The Academic Equestrian: Riding Wenglish
Sure, it’s a discipline now.
When you’re taking twenty credit hours, riding on two equestrian teams, and working a part-time job, some things slip past despite exhaustive time-management and organization techniques. For example, last week, as usual, I went straight from my poetry class to my jumping practice, wearing breeches and street shoes. Upon arriving at the barn, I change into tall boots and bring my helmet, hairnet, and gloves in from my car.
Last week, however, I rode to practice with my roommate, and by some lapse in judgement grabbed my western boots instead. And thus, a very classy “Wenglish” outfit was born, much to my chagrin and to the amusement of my coach and teammates. (Having come straight from class, I was barely on time and had no time to return for the correct footwear.)
Merritt, my trusty Appendix Quarter Horse steed for the evening, bore my loose, slippery calves with extreme forbearance, seeming to choose his distances carefully to avoid chafing or jarring my legs. A lack of chafing or saddle sores on my legs after my ride did bring me some gratification—at least I wouldn’t bear bruises in addition to the embarrassment of riding around looking like a half-dressed lesson kid just starting out with the wrong attire in comparison with my put-together, professional teammates.
There are some telltale signs that someone is a combined western and hunt seat rider, and an accidental (or on purpose, if you have back-to-back practices in different disciplines) Wenglish outfit is just the beginning.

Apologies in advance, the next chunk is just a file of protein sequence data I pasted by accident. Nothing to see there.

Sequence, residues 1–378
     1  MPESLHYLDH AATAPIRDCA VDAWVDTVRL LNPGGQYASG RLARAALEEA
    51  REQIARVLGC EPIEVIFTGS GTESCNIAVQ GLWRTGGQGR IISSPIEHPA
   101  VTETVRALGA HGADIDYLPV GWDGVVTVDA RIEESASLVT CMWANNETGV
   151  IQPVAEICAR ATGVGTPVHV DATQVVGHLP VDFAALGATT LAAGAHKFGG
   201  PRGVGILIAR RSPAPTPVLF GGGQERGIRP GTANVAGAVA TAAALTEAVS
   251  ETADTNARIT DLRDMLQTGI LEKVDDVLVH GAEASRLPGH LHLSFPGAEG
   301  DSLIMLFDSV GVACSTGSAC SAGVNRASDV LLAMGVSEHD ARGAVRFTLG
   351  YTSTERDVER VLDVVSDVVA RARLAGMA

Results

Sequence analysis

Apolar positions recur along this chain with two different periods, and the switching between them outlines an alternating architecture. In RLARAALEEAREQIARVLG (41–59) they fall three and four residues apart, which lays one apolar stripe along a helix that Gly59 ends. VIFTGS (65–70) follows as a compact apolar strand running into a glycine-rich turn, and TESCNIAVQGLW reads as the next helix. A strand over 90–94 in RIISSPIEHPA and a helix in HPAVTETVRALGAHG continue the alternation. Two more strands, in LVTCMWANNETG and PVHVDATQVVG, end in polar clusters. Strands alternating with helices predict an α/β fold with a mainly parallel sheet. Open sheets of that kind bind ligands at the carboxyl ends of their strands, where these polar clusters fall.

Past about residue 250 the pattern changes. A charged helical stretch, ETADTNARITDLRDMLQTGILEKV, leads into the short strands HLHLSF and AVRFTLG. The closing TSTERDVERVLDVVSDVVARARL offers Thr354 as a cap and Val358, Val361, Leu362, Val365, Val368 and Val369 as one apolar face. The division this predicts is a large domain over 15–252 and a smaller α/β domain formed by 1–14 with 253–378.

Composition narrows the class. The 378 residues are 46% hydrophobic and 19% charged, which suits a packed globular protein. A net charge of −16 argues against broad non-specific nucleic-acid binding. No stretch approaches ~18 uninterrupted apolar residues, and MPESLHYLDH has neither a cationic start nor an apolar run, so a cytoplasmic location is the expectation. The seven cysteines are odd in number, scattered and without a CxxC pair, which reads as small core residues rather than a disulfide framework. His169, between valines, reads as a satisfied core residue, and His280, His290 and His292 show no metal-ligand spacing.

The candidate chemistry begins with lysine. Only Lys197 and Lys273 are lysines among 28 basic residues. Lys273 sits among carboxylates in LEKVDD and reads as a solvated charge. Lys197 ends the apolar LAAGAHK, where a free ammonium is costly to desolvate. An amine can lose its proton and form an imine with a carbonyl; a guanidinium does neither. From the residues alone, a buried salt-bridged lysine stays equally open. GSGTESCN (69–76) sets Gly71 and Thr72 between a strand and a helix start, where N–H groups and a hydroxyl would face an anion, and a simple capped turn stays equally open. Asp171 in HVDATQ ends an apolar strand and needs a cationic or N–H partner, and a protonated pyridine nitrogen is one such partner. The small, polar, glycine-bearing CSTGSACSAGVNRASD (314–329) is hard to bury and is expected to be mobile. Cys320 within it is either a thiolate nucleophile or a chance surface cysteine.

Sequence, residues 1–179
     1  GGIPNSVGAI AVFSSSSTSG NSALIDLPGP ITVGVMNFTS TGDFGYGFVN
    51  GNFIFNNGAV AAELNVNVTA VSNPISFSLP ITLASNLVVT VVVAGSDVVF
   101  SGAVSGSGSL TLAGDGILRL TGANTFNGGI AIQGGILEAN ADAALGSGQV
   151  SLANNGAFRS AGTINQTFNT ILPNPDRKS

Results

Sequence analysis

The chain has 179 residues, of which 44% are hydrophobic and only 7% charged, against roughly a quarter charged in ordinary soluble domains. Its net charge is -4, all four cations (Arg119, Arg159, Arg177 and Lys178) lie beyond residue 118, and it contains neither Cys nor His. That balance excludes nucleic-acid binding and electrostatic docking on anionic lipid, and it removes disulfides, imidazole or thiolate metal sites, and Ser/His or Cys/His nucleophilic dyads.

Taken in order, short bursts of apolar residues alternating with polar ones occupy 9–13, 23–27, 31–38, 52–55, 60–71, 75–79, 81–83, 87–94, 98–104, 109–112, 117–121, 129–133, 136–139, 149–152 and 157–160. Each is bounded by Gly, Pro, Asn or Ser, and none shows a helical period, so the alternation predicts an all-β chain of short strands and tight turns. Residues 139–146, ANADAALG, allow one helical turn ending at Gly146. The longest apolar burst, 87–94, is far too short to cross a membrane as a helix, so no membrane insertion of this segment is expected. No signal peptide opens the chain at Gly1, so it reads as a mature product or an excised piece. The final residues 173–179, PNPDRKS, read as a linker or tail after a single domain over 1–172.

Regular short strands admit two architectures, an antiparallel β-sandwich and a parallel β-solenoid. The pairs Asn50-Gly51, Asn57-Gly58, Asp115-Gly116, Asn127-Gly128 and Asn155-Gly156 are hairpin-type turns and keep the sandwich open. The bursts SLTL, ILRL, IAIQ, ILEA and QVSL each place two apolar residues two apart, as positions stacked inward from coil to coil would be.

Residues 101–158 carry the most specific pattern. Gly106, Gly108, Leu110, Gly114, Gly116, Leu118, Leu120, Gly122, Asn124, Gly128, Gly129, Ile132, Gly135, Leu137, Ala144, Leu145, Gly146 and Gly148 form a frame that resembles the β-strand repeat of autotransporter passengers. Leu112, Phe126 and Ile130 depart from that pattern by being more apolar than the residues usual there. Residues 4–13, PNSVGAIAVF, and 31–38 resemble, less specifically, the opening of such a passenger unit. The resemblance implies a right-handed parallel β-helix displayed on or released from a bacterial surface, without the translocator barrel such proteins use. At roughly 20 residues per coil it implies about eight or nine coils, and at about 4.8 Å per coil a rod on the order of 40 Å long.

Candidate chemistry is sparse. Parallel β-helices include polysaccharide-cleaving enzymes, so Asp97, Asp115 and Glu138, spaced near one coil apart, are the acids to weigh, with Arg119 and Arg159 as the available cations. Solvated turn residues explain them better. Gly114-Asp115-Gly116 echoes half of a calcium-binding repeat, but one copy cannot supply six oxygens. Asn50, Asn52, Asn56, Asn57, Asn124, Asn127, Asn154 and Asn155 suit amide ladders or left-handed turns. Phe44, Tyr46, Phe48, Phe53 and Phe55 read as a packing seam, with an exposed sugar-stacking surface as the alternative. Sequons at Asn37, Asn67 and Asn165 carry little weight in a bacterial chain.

1. As mentioned above, the “Wenglish” look. It might be jeans and half-chaps, black breeches under chaps at a horse show, breeches and tall boots during a western practice, or any other combination thereof. As a team with a strong combined rider presence, Alfred’s equestrian center houses many such outfits on a daily basis.
2. A car that looks like someone might live in it. When you have to go from hunt seat practice, to colt-breaking class, to work with very little time between, you learn to throw a change of clothes, shoes, and some extra deodorant in your car for when you have two minutes flat to change in the barn bathroom, wash up, and become presentable for your library job.
3. Boots everywhere. Three people (and one dog) live in my apartment, but by the number of muddy boots piled on the mat by the door, an outside observer might guess that at least six farmers tromped in and out every day.
4. Identity crises. When you only see a certain set of people in western practice, they often don’t recognize you when you stroll past in breeches and tall boots with your hair tucked up into your helmet. You are a true jack of all trades and master of none, but you console yourself with the knowledge that you’re at least proficient enough to usually stay on no matter what kind of saddle you find yourself in, even if you do sometimes show up with half the wrong attire for any given practice.
5. All the practices. Most combined riders can be seen at some point during the semester jogging across campus with their boots unzipped, trailing a helmet bag. They still get some strange looks from the non-equestrian students, but as teammates we nod and smile as they pass us, knowing that at some point we will be in their shoes, rushing to or from a practice we forgot about or had to reschedule.
However frantic the additional practices scheduled might make us, the strength and versatility that comes with riding both hunt seat and western is worth the occasional embarrassing moments, especially when you have a barn full of supportive teammates who laugh it off with you.
Haley will continue to share more adventures from the perspective of a collegiate equestrian! Keep an eye out for The Academic Equestrian weekly.
Haley Ruffner is attending Alfred University, majoring in English with a minor in Equine Business Management. She owns two Quarter Horse geldings, Cricket (“At Last an Invitation”) and Slide (“HH Slick N Slide”). Haley is a captain of the AU western equestrian team, competing in horsemanship, reining and hunt seat. She also loves trail riding.
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